Sep 11, 2013 at 7:43pm
Finally, keep in mind that the alternative to Franco’s Spain (resulting from his victory) would have been an Iberian Soviet state, complete with all relevant horrors. And according to Doug Sarti, this Paivio is supposed to be some kind of hero for fighting to try and make just that happen.
Sep 13, 2013 at 6:42am
How easy it is to talk through data and assumptions written in books. But you spoke Spanish with some of those who had to endure 40 years of repression and dictatorship and still to this day continue to bear in Spain?
Franco a hero? why do not you ask that to people who are searching for family members 80 years later shot to give them a proper burial. Or the thousands of Spanish reprisals that were sent by Franco to German concentration camps of World War II.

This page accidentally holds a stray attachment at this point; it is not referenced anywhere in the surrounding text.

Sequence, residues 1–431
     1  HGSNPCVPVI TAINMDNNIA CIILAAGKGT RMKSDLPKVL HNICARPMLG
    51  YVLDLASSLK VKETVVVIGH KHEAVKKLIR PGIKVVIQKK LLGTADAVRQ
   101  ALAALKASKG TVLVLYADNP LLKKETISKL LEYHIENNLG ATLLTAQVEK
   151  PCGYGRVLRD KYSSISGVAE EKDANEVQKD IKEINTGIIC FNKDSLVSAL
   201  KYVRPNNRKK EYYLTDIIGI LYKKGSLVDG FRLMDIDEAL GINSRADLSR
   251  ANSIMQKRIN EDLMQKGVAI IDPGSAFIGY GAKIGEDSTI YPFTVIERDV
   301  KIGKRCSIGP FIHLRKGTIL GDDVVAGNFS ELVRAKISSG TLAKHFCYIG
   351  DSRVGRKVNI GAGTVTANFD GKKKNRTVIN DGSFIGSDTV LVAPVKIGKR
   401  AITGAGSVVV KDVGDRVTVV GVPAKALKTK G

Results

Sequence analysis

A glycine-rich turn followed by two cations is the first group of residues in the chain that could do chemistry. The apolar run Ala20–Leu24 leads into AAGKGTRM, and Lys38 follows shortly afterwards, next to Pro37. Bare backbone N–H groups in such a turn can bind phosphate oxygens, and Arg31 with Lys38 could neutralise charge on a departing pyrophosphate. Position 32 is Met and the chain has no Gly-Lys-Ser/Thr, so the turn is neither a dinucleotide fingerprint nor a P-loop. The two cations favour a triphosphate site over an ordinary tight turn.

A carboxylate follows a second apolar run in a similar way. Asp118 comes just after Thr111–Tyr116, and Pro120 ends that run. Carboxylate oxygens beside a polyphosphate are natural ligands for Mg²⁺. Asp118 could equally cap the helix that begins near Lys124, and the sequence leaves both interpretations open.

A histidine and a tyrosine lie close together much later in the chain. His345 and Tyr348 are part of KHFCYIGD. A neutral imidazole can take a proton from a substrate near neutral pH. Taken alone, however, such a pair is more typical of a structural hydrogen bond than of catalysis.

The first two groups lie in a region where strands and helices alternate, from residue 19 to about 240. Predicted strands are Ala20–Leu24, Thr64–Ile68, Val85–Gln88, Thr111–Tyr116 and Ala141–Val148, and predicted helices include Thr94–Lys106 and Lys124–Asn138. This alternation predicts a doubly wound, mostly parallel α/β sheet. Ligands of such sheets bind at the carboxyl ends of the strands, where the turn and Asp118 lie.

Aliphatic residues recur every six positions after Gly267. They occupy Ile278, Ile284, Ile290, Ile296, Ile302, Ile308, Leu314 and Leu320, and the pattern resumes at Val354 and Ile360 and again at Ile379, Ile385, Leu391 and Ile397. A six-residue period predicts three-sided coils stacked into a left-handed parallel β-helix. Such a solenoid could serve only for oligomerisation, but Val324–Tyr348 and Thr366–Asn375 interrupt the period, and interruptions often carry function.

You speak of horrors, lease the episode of the battle of Badajoz in the early days of the military uprising and how hundreds of thousands of people were shot by French troops throughout the city and especially in the bullring city where before being shot Republicans bullfighting was offered a feast using prisoners as cattle and killing them as such in the presence of the fascist authorities and the bishop of the city
Franco is a hero you reviewing ignorant of something unknown
Sep 13, 2013 at 7:01am
The Republican government gold went to Spain as payment of the republic to the USSR for help received in the form of aircraft polikarpov "flat and fly" T26 tanks and numerous infantry weapons for the army since a large part of the arsenal of the republic was to stop the national side.